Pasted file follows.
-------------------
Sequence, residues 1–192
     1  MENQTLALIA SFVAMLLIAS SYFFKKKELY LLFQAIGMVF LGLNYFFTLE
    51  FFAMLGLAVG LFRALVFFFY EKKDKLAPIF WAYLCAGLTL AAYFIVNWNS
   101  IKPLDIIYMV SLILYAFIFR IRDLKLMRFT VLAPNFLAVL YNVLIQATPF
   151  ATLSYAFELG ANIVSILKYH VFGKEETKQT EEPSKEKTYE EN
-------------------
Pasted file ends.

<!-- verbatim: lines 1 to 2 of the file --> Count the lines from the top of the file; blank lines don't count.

Sequence, residues 1–192
     1  MENQTLALIA SFVAMLLIAS SYFFKKKELY LLFQAIGMVF LGLNYFFTLE